How do regulations affect healthcare targeting?

The first step is to understand if the brand falls under the ‘sensitive’ category. This will impact targeting capabilities. According to the NAI, there are two subsets of sensitive information: 

  1. Data about a health condition or treatment derived from a sensitive source 
  2. Data about certain sensitive conditions regardless of the source of the data

Determining whether a health condition is considered ‘sensitive’ is unclear in the industry. The NAI only provides a few sensitive categories. These include drug addiction, STDs, mental health, pregnancy termination, and all conditions predominantly affecting children not treated by OTC and Cancer.

There are resources to help guide the analysis of determining whether the brand falls into the sensitive category. The NAI provides guidance to help determine whether pharmaceutical targeting segments are considered sensitive.

However, this guidance does not give advertisers a clear list of the targeting capabilities that are compliant. Coegi recommends using this guide to drive direct conversations with the client. It is useful to create a mutual agreement on whether the brand falls into either the sensitive category to influence compliant targeting solutions. 

There is no clear list provided by any regulatory source. So, Coegi recommends working with the client to align on the brand’s definition of sensitivity. This will greatly affect compliant targeting capabilities. 

The Trade Desk (a NAI member) also takes precautions and has a healthcare targeting policy. Because there is no official list deeming health conditions sensitive or non-sensitive, TTD has its own process. It defines whether a condition is deemed high, medium or low in the sensitive category  to then determine permitted targeting capabilities. This policy uses a multi-factor analysis to take into account many considerations when calculating each condition’s category.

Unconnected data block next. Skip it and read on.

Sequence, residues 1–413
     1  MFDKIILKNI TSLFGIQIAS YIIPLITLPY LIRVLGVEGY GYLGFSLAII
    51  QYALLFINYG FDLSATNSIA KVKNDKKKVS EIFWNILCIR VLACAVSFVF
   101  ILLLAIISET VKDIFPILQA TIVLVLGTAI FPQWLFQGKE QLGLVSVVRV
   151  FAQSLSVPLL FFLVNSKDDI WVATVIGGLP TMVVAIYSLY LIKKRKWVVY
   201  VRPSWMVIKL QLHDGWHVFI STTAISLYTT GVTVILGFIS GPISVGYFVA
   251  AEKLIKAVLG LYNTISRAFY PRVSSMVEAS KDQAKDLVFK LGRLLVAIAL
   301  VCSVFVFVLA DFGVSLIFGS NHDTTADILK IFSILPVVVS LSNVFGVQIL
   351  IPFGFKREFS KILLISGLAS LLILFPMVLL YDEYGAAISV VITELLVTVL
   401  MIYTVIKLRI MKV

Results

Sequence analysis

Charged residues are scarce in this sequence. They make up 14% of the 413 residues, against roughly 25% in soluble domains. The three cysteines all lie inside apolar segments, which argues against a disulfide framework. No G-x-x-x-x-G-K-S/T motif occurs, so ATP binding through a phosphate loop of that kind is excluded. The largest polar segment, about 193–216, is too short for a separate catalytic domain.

Other advertising platforms have similar protocols for brands in the healthcare space. Before running paid ads through Facebook, advertisers must gain permission according to its Promotion of Prescription Drugs policy.

How to Approach Pharmaceutical Targeting Compliantly

Once you determine whether the target is in the sensitive or non-sensitive condition category, use these tactics to target consumers: 

Healthcare Consumer Targeting:

Behavioral Targeting

  • This form of targeting is typically not a compliant way to reach a consumer given it’s ‘data about a health condition or treatment’. However, there are third party data providers who use de-identified information. This is compliant according to the NAI. 
  • It is critical to understand how any third party data is being collected if used to reach patients. Coegi does a detailed analysis to determine whether a data provider is compliant according to industry best practices. 

Contextual Targeting

  • There are no known regulations for using contextual targeting for a consumer audience. This is a popular approach in reaching a patient and caregiver audience in a compliant manner. 


  • For both sensitive and non-sensitive conditions, geotargeting a consumer audience is not compliant. According to the NAI, unless the user’s opt-in consent is given to target by precise location data (like an HCP’s office), this falls outside of best practice.  
  • While precise location data requires opt-in, other forms of targeting that can reach a patient audience using geographic data. This data needs to be further vetted to ensure it’s not precise location data. 


  • According to the 2020 code, retargeting is a form of Tailored Advertising. Sensitive health segments require opt-in consent in order to retarget a consumer audience. 
  • Even for non-sensitive health segments, Coegi recommends having a conversation with the brand team to gain alignment prior to execution.

Healthcare Provider Targeting

Because you’re targeting by profession, there are fewer restrictions for HCPs. ID-based targeting allows pharmaceutical brands to reach HCPs with a compliant audience-first approach.

Various forms of audience targeting for HCPs can include: 

  • Dx Targeting – ICD-10 code for specific diagnosis 
  • Rx Targeting – prescription code for specific drugs  
  • Specialty Targeting – target HCPs by specific medical specialty
  • List Match Targeting – target HCPs by specific NPI number

Depending on a particular client’s goals, Coegi will provide a recommended targeting strategy to reach a HCP audience 

Even with less restrictions, we recommends investigating and understanding the source of the data segments associated with NPIs. We have a conversation with the brand team to gain alignment on certain targeting efforts, especially retargeting.

Interested in learning more about pharmaceutical targeting marketing best practices? View our white paper to learn more on targeting patients and providers with best-in-class digital tactics.

Coegi Partners